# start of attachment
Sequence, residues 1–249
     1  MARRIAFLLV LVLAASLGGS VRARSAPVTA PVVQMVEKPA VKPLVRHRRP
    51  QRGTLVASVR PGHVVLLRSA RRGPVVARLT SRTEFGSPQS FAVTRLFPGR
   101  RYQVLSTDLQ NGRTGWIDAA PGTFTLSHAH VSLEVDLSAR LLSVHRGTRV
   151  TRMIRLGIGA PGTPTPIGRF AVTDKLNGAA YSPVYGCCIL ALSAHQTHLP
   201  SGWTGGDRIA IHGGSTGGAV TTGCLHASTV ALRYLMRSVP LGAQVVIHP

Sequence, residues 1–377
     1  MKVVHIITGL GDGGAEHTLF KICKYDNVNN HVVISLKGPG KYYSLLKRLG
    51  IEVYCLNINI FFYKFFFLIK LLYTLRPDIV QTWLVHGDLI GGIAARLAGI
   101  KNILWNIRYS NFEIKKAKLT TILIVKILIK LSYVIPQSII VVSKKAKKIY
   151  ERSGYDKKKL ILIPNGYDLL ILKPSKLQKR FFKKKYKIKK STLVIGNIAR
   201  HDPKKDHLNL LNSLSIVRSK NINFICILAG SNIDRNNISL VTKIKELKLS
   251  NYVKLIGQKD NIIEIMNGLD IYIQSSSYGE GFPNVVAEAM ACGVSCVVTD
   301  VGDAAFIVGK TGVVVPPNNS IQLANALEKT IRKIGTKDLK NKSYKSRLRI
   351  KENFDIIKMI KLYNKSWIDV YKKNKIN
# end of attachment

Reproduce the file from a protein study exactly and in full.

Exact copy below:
Sequence, residues 1–249
     1  MARRIAFLLV LVLAASLGGS VRARSAPVTA PVVQMVEKPA VKPLVRHRRP
    51  QRGTLVASVR PGHVVLLRSA RRGPVVARLT SRTEFGSPQS FAVTRLFPGR
   101  RYQVLSTDLQ NGRTGWIDAA PGTFTLSHAH VSLEVDLSAR LLSVHRGTRV
   151  TRMIRLGIGA PGTPTPIGRF AVTDKLNGAA YSPVYGCCIL ALSAHQTHLP
   201  SGWTGGDRIA IHGGSTGGAV TTGCLHASTV ALRYLMRSVP LGAQVVIHP

Sequence, residues 1–377
     1  MKVVHIITGL GDGGAEHTLF KICKYDNVNN HVVISLKGPG KYYSLLKRLG
    51  IEVYCLNINI FFYKFFFLIK LLYTLRPDIV QTWLVHGDLI GGIAARLAGI
   101  KNILWNIRYS NFEIKKAKLT TILIVKILIK LSYVIPQSII VVSKKAKKIY
   151  ERSGYDKKKL ILIPNGYDLL ILKPSKLQKR FFKKKYKIKK STLVIGNIAR
   201  HDPKKDHLNL LNSLSIVRSK NINFICILAG SNIDRNNISL VTKIKELKLS
   251  NYVKLIGQKD NIIEIMNGLD IYIQSSSYGE GFPNVVAEAM ACGVSCVVTD
   301  VGDAAFIVGK TGVVVPPNNS IQLANALEKT IRKIGTKDLK NKSYKSRLRI
   351  KENFDIIKMI KLYNKSWIDV YKKNKIN